A few years ago, it was all the rage. “Thinking outside the box” was the next creative wave.
Entire corporations emerged to adopt this catchy new branding,
It became the answer to many an employment interview question and propelled individual thinkers and creatives to the top of the hiring heap.
Rogue is vogue.
Personally, I think they missed the bigger picture.
In my psychotherapy practice, I have always been a “systems” practitioner. Thinking outside the box has consistently been the most effective method of arriving at both the problem and the solution. At the core of systems thought is the idea that everything is connected and part of a much bigger picture. To grasp this notion in the context of human relationships gives the therapist a bird’s-eye view of the processes that both created the problem and the processes which might, ultimately solve the problem. It answers the question: What brought us here and what will take us where we want to go?
In my old age and early morning rituals, I have become a fan of YouTube documentaries. A recent choice was “Earth From Space,” an overview of the interactive processes of the four elements–earth, water, air and fire–and their dynamic and divine systems which keep our planet flourishing. The connectedness of an event in Africa to the sustenance of life across the Atlantic ocean in the amazon is vital and necessary. Truly an amazing video if you get the chance. Well worth the watch and a good primer to get you thinking the way I think we all should be thinking these days.
All around the box.
Not just outside the box.
You see, everything is fast these days. Most humans have and take very little time to contemplate their actions and behaviors. Reacting and responding have taken precedence at the service of efficiency.
The power of a pause.
Every single thing we do or say is in reaction to something that preceded it. And each response we make is, essentially, served to the next person or the next step in the system. This process is really quite simple to grasp.
What if today, with each decision you make, each action, reaction or word you speak, you paused, if only for a moment. Ask yourself: Where did this come from, what are my options and what effect might my word or action have on the next person down the line?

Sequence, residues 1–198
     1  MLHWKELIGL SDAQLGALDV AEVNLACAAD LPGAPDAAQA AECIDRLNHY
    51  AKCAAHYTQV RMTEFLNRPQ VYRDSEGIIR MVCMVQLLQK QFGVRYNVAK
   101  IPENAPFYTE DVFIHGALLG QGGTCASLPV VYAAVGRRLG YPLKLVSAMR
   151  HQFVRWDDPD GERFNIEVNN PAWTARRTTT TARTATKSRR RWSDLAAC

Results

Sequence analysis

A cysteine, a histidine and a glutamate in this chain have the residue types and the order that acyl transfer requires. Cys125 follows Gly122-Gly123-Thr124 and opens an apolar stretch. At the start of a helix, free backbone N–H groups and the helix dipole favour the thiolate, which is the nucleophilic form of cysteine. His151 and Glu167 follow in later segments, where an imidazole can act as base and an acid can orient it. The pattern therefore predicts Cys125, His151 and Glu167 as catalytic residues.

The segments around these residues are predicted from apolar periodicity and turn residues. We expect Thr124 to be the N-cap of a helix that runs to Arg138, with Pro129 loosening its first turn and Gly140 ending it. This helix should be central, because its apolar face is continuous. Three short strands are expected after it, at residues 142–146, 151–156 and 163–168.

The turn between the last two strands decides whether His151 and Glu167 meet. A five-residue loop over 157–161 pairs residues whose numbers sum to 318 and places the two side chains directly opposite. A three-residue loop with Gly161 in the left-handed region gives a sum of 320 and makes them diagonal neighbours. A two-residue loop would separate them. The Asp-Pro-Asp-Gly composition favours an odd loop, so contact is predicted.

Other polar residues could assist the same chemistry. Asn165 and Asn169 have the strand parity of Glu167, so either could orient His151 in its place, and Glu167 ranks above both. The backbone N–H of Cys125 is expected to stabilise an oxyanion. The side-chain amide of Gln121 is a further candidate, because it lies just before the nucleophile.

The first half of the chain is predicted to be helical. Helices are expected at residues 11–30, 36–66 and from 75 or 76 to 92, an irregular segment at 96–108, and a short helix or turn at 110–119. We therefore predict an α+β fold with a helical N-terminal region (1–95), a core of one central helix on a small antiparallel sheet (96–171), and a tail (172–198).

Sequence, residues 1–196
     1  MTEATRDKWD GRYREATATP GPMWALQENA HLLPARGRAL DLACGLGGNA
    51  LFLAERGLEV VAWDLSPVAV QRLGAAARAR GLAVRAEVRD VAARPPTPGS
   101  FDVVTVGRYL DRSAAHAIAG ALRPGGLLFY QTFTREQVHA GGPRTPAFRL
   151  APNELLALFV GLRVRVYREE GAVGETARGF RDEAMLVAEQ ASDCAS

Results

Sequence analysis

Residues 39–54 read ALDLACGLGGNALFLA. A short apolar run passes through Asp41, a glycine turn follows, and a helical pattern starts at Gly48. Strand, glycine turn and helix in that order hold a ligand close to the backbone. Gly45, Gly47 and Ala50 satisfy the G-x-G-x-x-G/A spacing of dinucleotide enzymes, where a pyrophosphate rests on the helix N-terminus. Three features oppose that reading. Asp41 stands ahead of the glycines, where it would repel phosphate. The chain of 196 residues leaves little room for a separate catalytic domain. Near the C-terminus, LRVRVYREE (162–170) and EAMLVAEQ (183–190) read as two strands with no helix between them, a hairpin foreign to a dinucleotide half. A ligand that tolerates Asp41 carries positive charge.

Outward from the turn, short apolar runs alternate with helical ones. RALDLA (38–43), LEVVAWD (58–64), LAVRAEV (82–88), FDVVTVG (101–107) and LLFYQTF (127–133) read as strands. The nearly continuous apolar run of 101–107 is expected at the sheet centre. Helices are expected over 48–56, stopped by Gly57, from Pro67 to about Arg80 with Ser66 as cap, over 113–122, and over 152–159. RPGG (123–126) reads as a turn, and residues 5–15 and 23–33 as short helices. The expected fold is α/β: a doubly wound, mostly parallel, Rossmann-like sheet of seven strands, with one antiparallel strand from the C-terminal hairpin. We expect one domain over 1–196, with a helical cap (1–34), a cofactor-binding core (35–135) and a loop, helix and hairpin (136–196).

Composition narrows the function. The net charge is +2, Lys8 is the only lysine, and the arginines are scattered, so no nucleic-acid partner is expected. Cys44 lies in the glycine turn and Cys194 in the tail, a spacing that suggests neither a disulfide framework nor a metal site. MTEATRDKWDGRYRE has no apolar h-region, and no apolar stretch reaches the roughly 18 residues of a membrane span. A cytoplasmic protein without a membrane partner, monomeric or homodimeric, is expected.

For example, as many of you know, I currently work as a janitor at my church. The work is neither glorious nor what I have been trained to do professionally. But my bout with drugs and addiction and resulting charges years ago have (at least for now) all but ruined my chances of earning a living doing what I do best. That’s another story you can read about in detail under the “Older Posts” sections here at my website.
The good thing, apart from recovery of course, is the training I received from my parents who taught me that in all things I do, I should endeavor to do them well and to the best of my ability. Being a janitor is no different.
My appreciation for my job is greatly enhanced when I view it systemically. When I wipe down bathroom counters and mirrors before a Sunday morning service, I do it with a bird’s-eye view. It helps our Guest Services Coordinator to relax in knowing that the best possible environment is being provided for perhaps someone who will anxiously arrive at church that morning with their own heavy burdens. Clean towels, a fresh sink and a clear view of themselves in the mirror may make all the difference in their perspective on life for that moment. This kind of view of an otherwise inglorious job makes work meaningful in the context of the system.
To take pause of the potential role of your words or behaviors on another is a profound act of compassion. It makes everything you do or say a contemplated measure both backward and forward, virtually guaranteeing the best possible set up for who’s next.
It takes “thinking outside the box” to a whole new level.
Be a rogue…for the next person down the line.